McClure prepared by spending $1,000 of your money to have a forensic accountant review the practices of an embezzler, a low-level deputy who may have pocketed $125 thousand from the criminal division over five years. She was finally caught when she deposited her own checks for $300 and $45 into a bail bond account, presumably to cover an earlier theft.
Her folly has already resulted in an explosion of audits and criminal charges. It has hurt colleagues in the criminal division, hard-working people who really care about their job. We already know what happened. We even know why - a county worker simply had too much control over too many things. But that didn't stop McClure. He's got an election to win and had $1,000 to burn.
Armed with his $1,000 letter, McClure summoned Schimmel. The controller patiently explained his small staff follows directions from an outside auditor under contract with the county. McClure was having none of that. "You should come to council if you don't like something instead of taking the ostrich approach." When Schimmel quietly noted he has two less employees than he did twenty years ago, McClure accused him of wasting resources by doing "political audits" for previous councils. Really? Which audit would that be, Lamont? The one correctly predicting that a $111 million megabond would result in a tax increase? Or how about that silly audit revealing rampant countywide cell phone abuse, including a DCED director who rang up $1,388 in personal calls to arrange wife-swapping trysts? Shall I go on and start talking about those political bribery indictments?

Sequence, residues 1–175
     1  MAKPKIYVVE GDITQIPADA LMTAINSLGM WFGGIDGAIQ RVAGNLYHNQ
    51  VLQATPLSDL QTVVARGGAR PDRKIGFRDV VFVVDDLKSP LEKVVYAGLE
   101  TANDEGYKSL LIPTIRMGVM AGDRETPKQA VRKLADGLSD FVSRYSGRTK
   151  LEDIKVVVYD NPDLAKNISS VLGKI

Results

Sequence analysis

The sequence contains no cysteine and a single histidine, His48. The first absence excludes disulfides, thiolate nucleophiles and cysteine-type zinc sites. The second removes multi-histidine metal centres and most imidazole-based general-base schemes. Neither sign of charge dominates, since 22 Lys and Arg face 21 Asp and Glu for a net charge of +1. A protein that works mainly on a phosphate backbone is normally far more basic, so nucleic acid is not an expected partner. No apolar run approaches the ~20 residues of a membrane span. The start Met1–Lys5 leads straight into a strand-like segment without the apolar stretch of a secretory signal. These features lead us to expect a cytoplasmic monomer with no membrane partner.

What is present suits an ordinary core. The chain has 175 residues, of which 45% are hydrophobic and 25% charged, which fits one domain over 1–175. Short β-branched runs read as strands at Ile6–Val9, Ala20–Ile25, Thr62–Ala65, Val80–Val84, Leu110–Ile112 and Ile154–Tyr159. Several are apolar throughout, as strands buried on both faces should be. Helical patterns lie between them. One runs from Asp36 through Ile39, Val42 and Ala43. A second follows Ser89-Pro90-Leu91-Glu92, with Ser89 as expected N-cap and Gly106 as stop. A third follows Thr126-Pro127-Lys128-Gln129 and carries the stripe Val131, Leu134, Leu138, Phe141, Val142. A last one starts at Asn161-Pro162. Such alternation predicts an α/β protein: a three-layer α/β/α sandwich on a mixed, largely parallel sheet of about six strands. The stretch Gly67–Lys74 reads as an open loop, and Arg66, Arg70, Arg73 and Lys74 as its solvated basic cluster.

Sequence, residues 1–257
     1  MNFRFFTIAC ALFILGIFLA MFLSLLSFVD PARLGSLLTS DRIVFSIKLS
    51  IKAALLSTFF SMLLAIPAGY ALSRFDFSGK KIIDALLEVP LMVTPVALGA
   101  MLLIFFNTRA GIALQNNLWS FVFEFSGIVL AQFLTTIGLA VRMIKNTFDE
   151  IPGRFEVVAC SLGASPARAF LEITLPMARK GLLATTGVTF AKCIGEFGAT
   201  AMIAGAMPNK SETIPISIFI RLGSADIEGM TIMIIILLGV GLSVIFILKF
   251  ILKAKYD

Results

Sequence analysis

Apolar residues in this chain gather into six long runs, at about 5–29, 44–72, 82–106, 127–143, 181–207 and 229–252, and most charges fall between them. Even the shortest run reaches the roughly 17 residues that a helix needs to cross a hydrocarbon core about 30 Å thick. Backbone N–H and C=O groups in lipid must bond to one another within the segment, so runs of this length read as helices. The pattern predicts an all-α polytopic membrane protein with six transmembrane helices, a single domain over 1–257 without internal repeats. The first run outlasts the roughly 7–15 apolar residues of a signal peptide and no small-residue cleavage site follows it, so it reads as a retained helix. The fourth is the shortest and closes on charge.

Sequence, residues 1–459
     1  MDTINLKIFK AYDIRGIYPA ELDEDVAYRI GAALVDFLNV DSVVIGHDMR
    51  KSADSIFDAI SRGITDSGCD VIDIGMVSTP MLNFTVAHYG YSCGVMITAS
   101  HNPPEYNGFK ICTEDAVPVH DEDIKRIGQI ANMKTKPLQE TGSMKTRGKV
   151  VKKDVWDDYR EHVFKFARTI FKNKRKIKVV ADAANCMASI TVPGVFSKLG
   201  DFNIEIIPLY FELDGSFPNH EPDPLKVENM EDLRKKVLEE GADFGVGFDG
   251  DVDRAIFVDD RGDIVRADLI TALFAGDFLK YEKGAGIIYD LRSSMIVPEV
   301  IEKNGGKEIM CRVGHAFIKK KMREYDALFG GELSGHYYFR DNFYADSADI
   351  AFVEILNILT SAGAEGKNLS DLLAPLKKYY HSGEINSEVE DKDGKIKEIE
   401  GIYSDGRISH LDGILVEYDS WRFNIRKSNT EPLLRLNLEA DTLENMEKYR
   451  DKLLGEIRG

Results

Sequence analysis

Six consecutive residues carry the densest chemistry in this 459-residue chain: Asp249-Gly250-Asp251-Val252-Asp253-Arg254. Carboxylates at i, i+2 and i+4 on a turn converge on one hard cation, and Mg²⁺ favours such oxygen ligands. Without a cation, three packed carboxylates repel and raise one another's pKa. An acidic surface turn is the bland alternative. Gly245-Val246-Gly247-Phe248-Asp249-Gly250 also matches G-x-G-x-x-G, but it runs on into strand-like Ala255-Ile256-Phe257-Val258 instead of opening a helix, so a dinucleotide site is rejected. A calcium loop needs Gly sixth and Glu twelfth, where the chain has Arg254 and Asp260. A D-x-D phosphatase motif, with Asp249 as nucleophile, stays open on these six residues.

After admonishing Schimmel, McClure demanded to speak with Zelenkofske Axelrod LLC, our former external auditors. They agreed with Schimmel. "The controller can't dictate the scope of our audit or it will actually be an impairment." They also made clear that internal controls are a county responsibility. "It's your obligation to set policy."
Fortunately, that's now happening. Acting Director of court services Bill Hillanbrand has made certain that internal controls are in place. "The buck stops with me." He handed the committee a list of actions taken (sorry, I don't have the list), and introduced our new clerk of the criminal division.
Finally, a weary John Stoffa approached the podium. He looked tired tonight. He wasn't playing politics. He wasn't worried about his job. He just spoke the truth. "We collect cash in thirty-three different places. It's crazy. ... Sooner or later it's going to happen again because people are smart. ... I welcome auditors. But an audit is no good unless you follow up on it."
Stoffa's right. If someone wants to steal, he'll find a way. People are smart that way. I don't care whether it's Northampton County or Fort Knox.
Because audit recommendations were never implemented in the criminal division, a theft occurred. Did we need a $1,000 forensic auditor for that?
Soon after Stoffa spoke, McClure ended the meeting with another Sunshine Act violation. He never bothered to offer the public an opportunity to speak, and I pointed it out. McClure has that legal obligation. Fellow council members, Diane Neiper and John Cusick, should recognize this as well.
McClure's Sunshine Act violation reinforces what I already knew. His motives for last night's meeting had nothing to do with accountability or good government. It's just politics, bippy.